From a trash can that sorts trash and recycling on its own to a wearable device that helps treat drug addiction and more, eight Pittsburgh companies entered an international contest to find how artificial intelligence can solve big problems and be used for good.
On Friday, about 15 teams in that competition — the IBM Watson AI XPRIZE —will meet at Ascender in East Liberty. Nearly 150 teams are competing from around the world. Eight of those teams are from the Pittsburgh area.
Ascender was designated a hub for training, networking and more during the contest which ends in 2020, said Kenny Chen, program director for the space and an XPRIZE ambassador. Teams from across the East Coast and central United States will spend Friday at Ascender in workshops focused on XPRIZE, followed by a public reception from 6 to 9 p.m. (Get your tickets here.) The event includes presentations and Q&As with the teams, networking and an overview of the idea of using AI for good.
So what is AI for good? Chen, who recently attended a global summit on the subject in Geneva, described it as having three elements:
- Public perception. There is a lot of fear around AI and the ideas of having a “robot overlord,” like in movies, Chen said. But robot overlords are the least of concerns for people who work in AI, he said, adding that what they are doing with technology is much different and more varied.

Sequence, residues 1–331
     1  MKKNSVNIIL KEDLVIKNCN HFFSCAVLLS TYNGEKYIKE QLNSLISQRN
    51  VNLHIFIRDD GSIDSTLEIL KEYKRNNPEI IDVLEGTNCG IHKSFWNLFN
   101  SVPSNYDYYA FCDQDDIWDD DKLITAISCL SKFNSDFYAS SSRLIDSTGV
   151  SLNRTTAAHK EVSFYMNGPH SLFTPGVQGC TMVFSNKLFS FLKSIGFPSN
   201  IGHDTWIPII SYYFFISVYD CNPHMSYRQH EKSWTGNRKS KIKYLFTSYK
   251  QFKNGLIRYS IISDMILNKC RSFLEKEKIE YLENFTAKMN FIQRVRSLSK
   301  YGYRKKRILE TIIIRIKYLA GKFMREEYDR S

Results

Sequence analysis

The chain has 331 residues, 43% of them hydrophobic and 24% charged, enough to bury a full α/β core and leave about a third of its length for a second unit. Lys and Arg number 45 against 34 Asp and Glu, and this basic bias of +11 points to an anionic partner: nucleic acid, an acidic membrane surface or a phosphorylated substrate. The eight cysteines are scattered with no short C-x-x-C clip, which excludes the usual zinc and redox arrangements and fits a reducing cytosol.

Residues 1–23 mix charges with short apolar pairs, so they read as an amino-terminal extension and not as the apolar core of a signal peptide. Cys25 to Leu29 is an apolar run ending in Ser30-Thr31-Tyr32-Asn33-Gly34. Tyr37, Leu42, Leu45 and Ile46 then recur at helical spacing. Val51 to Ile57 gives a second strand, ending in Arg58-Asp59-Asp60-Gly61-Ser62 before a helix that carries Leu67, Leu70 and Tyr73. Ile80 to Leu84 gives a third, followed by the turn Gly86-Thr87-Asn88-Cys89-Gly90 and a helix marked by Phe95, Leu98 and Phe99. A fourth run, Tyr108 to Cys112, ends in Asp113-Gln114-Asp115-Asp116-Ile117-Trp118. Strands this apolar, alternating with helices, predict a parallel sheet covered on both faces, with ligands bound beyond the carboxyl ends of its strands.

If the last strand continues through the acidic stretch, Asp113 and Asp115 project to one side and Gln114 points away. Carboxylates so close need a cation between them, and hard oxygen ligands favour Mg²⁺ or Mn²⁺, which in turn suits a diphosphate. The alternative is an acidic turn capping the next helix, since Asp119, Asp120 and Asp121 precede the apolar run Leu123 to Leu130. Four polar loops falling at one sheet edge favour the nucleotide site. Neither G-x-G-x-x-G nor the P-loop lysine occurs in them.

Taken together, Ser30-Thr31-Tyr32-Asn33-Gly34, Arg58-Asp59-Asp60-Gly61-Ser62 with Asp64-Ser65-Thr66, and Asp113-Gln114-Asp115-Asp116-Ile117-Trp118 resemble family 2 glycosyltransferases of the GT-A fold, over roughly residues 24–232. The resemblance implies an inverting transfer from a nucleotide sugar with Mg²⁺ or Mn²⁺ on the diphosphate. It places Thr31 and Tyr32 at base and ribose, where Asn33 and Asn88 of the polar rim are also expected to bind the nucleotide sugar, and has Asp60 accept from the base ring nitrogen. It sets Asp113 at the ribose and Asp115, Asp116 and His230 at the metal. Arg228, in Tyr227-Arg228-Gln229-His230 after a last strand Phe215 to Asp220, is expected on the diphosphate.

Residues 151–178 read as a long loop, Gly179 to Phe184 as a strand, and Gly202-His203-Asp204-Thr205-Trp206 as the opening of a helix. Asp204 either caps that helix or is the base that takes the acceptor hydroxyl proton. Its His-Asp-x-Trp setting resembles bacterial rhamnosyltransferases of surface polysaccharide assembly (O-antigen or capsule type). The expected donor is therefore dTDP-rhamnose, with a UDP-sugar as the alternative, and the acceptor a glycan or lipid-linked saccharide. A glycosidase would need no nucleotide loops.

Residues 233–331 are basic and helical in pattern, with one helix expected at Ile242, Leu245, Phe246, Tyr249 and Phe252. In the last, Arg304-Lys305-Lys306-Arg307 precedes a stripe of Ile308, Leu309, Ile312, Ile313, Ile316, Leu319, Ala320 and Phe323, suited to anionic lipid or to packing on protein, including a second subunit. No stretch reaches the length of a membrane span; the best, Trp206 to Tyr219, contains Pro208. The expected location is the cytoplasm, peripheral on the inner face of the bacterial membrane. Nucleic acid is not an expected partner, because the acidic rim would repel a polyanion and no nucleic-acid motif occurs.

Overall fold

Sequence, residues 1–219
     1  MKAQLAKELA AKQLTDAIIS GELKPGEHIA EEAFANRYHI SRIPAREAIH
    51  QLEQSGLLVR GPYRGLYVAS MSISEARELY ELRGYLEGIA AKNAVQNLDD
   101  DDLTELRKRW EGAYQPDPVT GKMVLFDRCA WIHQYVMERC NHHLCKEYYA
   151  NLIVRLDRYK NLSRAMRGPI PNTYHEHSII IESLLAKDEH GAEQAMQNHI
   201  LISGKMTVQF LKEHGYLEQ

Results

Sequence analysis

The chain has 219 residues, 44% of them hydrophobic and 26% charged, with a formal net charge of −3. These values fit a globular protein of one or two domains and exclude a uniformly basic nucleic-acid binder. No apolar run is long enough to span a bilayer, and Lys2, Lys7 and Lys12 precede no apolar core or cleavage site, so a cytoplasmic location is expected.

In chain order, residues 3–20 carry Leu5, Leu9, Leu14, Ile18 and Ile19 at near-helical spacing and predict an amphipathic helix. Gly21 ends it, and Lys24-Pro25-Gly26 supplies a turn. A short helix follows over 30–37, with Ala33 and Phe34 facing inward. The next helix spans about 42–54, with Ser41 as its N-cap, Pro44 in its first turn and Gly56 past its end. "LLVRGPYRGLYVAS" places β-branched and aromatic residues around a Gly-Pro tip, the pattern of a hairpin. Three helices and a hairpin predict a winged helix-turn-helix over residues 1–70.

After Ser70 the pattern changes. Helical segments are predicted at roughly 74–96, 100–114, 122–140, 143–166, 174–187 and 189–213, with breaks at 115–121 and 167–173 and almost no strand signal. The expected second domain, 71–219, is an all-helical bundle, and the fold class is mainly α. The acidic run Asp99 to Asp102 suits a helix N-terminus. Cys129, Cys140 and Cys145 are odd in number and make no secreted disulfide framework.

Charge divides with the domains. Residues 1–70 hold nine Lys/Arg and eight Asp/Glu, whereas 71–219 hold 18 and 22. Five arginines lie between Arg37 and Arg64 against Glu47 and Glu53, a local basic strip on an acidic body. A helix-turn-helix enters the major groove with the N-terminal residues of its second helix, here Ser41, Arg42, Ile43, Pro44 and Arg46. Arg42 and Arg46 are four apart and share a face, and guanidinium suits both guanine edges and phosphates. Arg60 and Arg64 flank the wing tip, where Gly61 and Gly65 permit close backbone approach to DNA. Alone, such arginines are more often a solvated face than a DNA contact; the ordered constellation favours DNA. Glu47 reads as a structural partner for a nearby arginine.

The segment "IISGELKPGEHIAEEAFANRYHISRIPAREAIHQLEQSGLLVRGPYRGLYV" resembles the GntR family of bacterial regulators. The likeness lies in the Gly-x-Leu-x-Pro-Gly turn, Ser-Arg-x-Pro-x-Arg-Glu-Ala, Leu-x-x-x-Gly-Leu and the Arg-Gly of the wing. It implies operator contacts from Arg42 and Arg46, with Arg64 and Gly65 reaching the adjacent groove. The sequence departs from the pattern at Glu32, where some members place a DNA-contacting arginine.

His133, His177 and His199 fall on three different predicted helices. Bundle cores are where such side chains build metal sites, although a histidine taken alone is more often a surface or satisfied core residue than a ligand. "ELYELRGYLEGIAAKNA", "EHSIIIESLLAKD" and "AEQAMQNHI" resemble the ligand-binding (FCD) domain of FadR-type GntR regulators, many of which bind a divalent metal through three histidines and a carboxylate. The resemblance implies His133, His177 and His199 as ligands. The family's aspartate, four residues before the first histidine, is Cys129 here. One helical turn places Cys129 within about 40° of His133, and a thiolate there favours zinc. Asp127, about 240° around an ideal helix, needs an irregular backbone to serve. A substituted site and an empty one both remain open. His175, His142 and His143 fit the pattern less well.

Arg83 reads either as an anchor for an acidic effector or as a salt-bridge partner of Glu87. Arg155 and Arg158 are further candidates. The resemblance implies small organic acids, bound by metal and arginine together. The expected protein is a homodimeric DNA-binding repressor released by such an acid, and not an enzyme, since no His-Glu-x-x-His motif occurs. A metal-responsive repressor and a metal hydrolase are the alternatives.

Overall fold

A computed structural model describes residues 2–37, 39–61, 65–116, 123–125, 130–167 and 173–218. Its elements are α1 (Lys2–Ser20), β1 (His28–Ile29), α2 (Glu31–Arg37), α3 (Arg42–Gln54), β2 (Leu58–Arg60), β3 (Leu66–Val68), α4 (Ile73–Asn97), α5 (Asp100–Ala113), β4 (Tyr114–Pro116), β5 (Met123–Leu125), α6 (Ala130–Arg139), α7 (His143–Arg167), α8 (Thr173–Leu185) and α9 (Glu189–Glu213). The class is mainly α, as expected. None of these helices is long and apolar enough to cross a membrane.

- Minimizing risk. However, it’s important to get out ahead of possible risks that come with AI, Chen said. Examples include public safety policies around self-driving vehicles and international bans of AI weapons.
- Changing the world. This is the most exciting part, Chen said. He said AI has the potential to solve some of the biggest challenges in education, communications and health care through research and public-private partnerships. “We’re still in the very early stages of that being actionable [but it’s important to] sow the seeds earlier rather than later,” he said.
Chen said Ascender has been working with XPRIZE since the fall, even hosting an AI hackathon which resulted in several teams that are now competing. The contest tackles the hard problems and pushes tech in a positive direction, he said. And Chen said it seemed like a fit for Pittsburgh.
After all, the city is home to multiple self-driving car companies, including the self-driving Uber Volvos that Pittsburghers can ride in. CMU is known for it’s decades of AI work including Libratus, the AI that beats humans at Heads-Up No-Limit Texas Hold’em and the newly-formed hub that brings together students and faculty in different fields working on AI. There’s also a strong connection between AI and the robotics expertise in Pittsburgh, Chen said. Plus, he said healthcare is going to be the No. 1 or No. 2 field where AI has the most potential.
“AI is going to be as impactful as the internet or radio or electricity in some ways,” Chen said.
Meet the teams
Most of the eight teams from the Pittsburgh area are expected to attend Friday, according to Chen. Here’s an overview of what each does:
- Algoborg — An AI platform for cancer imaging and analysis
- BehAIvior — AI via wearables to help treat addiction and prevent relapse
- Choitek — Robots teach and inspire students to enter STEM (science, technology, engineering, math) fields
- CleanRobotics — Trash cans that sort trash and recycling on their own
- Expii — AI that teaches through crowdsourcing lessons and education algorithms
- Marinus Analytics — AI and data to finding and investigating sex trafficking activities
- SCAD AI — AI that helps with work/life balance
- UPMC Enterprises — AI to help people with cognitive degenerative disorders